LE 123: Cartography and Antisymmetry


LE 123: Cartography and Antisymmetry

Artikel-Nr.: ISBN 9783862889808
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Cartography and Antisymmetry
Evidence from Bantu and Chadic
 
Edmond Biloa
University of Yaoundé  I
 
 
Cartography and Antisymmetry: Evidence from Bantu and Chadic provides a syntactic analysis of five Bantu languages (Akoose, Basaá, Lamnso, Mbəlɨgi and Tuki) and five Chadic languages (Giziga, Masa, Musgum, Muyang and Wandala) from a cartographic and antisymmetric perspective. The Complementizer Domain as well as the Inflectional Domain are meticulously explored. The book argues that CP, as proposed by Chomsky (1986), cannot account for the Bantu and Chadic empirical materials described and analyzed herein. Adopting Aboh’s (2010) and Rizzi’s (2013a-b) idea that discourse particles should be syntacticized and be part of computation, the book supports Rizzi’s (1997, 2001, 2004, 2013a-b, 2016a-b, 2017) Split-CP hypothesis that elegantly accommodates question, focus, and topic markers in these languages. Moreover, it argues that in Bantu languages in which the question particle occurs after the verb stem (and as part of the verb morphology) such as Mbəlɨgi, it is hosted under M°, the head of Mood Phrase. Assuming the Kayne’s (1994) Linear Correspondence Axiom (LCA)-based approach, complements are always to the right of their selecting heads while all specifiers are to the left of their heads. Further syntactic consequence for adopting the LCA includes the impossibility of rightward movement. Any apparent rightward movement of any constituent is treated as leftward movement with subsequent remnant movement around that constituent. Thus, in the Chadic languages (Muyang and Masa) wherein rightward movement operations seem to take place in apparent violation of the LCA, it is clearly demonstrated that the data of these languages can be accounted for by using the antisymmetric and cartographic frameworks. Overall, the book proposes and argues for a more detailed and structured Complementizer  and Inflectional domains and the author provides unequivocal and convincing proof, from Bantu and Chadic languages, that syntax is, without alternative, cartographic and antisymmetric.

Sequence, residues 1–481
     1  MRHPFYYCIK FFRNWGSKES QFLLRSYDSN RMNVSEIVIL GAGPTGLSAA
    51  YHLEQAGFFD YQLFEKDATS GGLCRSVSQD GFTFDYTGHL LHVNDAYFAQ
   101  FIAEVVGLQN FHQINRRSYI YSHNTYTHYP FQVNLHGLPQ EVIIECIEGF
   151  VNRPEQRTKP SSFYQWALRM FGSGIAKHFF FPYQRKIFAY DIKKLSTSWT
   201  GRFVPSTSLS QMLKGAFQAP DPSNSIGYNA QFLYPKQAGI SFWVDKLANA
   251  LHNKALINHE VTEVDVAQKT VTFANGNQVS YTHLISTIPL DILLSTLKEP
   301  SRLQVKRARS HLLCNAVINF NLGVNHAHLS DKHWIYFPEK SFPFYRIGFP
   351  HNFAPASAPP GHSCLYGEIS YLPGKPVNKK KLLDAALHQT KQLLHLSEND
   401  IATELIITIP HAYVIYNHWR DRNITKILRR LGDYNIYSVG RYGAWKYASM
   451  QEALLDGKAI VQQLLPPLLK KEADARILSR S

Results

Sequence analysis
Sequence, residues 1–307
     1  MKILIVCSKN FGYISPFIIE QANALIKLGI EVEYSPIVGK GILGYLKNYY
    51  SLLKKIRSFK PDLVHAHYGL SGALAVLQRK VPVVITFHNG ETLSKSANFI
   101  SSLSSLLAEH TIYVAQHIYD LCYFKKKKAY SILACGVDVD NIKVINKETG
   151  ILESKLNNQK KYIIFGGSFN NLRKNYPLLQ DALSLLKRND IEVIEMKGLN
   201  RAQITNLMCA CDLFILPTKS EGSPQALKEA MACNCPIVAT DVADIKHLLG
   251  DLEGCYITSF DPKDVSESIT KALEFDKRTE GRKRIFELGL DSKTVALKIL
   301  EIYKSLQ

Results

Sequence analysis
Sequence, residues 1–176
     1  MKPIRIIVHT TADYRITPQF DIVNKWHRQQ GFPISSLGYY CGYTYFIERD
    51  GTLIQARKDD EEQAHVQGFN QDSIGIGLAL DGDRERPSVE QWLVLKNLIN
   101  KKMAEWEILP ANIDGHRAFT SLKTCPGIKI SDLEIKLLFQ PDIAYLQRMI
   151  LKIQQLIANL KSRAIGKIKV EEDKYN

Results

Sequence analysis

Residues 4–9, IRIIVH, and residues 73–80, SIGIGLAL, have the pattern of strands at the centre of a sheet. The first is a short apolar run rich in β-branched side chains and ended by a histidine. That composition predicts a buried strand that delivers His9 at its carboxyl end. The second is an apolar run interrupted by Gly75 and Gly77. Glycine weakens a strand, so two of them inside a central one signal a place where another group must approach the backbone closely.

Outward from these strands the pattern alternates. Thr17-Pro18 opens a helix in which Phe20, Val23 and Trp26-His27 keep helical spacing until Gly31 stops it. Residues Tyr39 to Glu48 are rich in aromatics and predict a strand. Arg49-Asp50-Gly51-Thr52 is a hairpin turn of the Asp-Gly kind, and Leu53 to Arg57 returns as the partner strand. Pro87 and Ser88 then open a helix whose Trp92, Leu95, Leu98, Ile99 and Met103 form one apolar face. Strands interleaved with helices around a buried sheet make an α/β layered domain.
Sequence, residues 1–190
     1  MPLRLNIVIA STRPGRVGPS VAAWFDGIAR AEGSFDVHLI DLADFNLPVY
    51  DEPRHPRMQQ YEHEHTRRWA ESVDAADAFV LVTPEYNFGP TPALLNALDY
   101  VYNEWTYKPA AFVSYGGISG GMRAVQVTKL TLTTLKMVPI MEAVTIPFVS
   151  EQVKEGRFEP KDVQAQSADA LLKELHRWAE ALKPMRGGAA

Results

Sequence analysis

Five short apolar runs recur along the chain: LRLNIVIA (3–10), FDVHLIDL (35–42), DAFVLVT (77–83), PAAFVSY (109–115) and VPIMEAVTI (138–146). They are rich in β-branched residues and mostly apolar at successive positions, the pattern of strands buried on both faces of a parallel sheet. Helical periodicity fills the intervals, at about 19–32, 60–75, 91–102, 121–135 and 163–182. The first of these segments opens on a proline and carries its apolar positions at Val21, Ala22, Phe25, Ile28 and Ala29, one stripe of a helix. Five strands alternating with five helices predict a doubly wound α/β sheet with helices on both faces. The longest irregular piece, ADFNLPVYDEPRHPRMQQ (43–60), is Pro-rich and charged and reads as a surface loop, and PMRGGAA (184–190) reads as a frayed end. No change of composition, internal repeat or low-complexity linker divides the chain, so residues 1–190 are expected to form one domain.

Edmond BILOA is Professor of linguistics at the University of Yaounde I in Cameroon and Vice-Rector in charge of Internal Control and Evaluation at the University of Yaounde II-Soa in Cameroon (Africa).
 
ISBN   9783862889808. Linguistics Edition 123. 307pp. 2020.
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